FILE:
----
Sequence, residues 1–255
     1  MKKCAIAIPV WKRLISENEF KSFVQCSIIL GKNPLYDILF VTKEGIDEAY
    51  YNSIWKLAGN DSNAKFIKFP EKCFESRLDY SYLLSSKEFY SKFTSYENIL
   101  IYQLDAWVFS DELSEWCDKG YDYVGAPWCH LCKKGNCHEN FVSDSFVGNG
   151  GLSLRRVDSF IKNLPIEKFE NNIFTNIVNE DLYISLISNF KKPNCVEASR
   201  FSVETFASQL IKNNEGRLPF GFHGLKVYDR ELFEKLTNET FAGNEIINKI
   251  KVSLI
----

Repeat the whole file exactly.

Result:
Sequence, residues 1–255
     1  MKKCAIAIPV WKRLISENEF KSFVQCSIIL GKNPLYDILF VTKEGIDEAY
    51  YNSIWKLAGN DSNAKFIKFP EKCFESRLDY SYLLSSKEFY SKFTSYENIL
   101  IYQLDAWVFS DELSEWCDKG YDYVGAPWCH LCKKGNCHEN FVSDSFVGNG
   151  GLSLRRVDSF IKNLPIEKFE NNIFTNIVNE DLYISLISNF KKPNCVEASR
   201  FSVETFASQL IKNNEGRLPF GFHGLKVYDR ELFEKLTNET FAGNEIINKI
   251  KVSLI